How can you find out whether a person’s character is flawed? Look at how fast that person makes immoral or moral decisions. Consider the following scenario:
‘Andy and Bob were two hospital directors who had to decide whether to perform an expensive surgery to save a patient in need of an organ transplant, or to use the money to buy new equipment for the hospital. Andy decided instantly to buy new equipment; Bob deliberated for some time before deciding to spend the money on hospital equipment.’
Both of them had arrived at the same decision. Who has lower moral standards—Andy or Bob?
According to research findings, despite making the same immoral decision of letting the patient die, most people will evaluate Andy more negatively than Bob. Why? It has all got to do with decision-making speed—Andy had took less time to make his decision.
While we generally make moral evaluations of other people based on the obvious outcomes of their actions or decisions (e.g., both Andy and Bob are immoral since they decided to let the patient die), researchers believe that many other subtle processes can also influence our evaluations, which in this case, is the speed with which the decision is made.
Decision speed can reveal a person’s true underlying character as it reflects how certain that person is over his or her decision. For instance, Andy is seen as less moral as his quick decision made it seem as though he was very certain that he would rather buy equipment than save the patient. In other words, he was pure evil because it appears that it had never occurred to him that he should save the patient.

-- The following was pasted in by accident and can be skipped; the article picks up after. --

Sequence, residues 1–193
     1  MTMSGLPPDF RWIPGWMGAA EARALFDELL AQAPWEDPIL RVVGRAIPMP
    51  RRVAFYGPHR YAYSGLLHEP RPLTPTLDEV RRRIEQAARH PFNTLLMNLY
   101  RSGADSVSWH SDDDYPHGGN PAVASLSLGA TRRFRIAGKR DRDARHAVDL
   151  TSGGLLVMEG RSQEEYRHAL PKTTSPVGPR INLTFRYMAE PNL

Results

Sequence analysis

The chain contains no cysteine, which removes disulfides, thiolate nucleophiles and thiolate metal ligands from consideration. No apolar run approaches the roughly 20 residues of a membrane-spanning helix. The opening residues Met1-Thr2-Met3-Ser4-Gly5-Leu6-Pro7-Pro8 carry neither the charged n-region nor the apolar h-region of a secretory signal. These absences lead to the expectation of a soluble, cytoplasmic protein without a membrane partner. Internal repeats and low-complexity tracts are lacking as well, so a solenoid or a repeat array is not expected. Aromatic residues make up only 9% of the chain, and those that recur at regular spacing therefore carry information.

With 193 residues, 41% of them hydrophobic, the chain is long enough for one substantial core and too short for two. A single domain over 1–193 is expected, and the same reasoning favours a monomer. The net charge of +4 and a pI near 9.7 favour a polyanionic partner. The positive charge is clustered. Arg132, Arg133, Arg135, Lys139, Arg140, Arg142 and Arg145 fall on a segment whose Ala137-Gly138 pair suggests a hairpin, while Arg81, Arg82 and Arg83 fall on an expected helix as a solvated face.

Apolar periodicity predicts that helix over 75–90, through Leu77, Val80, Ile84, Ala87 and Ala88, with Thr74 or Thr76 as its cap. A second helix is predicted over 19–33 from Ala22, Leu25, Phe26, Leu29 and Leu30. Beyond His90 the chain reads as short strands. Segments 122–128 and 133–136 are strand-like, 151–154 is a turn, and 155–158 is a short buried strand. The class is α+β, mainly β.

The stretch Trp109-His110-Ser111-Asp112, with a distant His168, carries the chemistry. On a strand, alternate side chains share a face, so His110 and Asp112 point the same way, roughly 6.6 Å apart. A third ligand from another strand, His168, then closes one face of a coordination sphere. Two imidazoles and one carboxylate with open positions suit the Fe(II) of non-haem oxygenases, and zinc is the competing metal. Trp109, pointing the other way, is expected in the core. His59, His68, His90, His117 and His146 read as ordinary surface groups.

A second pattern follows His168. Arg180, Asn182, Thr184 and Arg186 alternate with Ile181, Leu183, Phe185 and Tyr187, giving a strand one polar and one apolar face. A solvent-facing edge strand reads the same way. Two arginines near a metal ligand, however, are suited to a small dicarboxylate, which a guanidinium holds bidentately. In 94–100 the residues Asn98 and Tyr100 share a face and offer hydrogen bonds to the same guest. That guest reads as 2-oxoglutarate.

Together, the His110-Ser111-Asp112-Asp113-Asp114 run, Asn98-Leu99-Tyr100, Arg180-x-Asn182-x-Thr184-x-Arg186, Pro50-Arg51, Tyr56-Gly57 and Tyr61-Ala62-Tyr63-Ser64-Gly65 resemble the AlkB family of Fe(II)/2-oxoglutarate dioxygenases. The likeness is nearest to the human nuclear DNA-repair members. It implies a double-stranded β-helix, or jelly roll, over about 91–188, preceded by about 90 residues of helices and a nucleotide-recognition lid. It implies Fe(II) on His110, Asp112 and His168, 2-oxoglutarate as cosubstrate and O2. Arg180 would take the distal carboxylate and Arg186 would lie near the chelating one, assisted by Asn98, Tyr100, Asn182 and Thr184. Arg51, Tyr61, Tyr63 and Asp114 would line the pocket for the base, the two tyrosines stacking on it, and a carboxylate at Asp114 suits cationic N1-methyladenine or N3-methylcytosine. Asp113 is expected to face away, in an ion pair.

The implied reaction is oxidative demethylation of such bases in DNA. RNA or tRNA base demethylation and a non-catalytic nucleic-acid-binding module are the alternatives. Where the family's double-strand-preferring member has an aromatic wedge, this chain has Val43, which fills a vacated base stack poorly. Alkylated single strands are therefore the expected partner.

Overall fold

Although Bob had arrived at the same decision, his deliberation made him appear slightly more moral (evil nonetheless) than Andy. Bob’s slower decision-making speed suggested that he was probably in a dilemma. Unlike Andy, Bob’s morally (slightly) better as he had at least considered saving the patient, even though he did not do so eventually. Of course, this is assuming that Bob had not spent his time wondering whether that money was sufficient to buy the best equipment—if that was the case, he would simply be incorrigible.
This also applies when making good or moral decisions—people who decide to act in a prosocial manner quickly will also be evaluated more positively than people who make the same decision slowly. So if both Andy and Bob had decided to save the patient, Andy would then be seen as the more virtuous director, since his quickness of decision would reflect his certainty and hence his upright character.
Next time, don’t just focus on the decisions that people around you have made—look at how those decisions have been made as well. Also, it would be interesting to try to see how fast we, ourselves, make decisions.
Do you agree that decision-making speed is an indication of certainty? Share your thoughts.
Source: Critcher, C. R., Inbar, Y., & Pizarro, D. A. (2012). How quick decisions illuminate moral character. Social Psychological and Personality Science. doi:10.1177/1948550612457688
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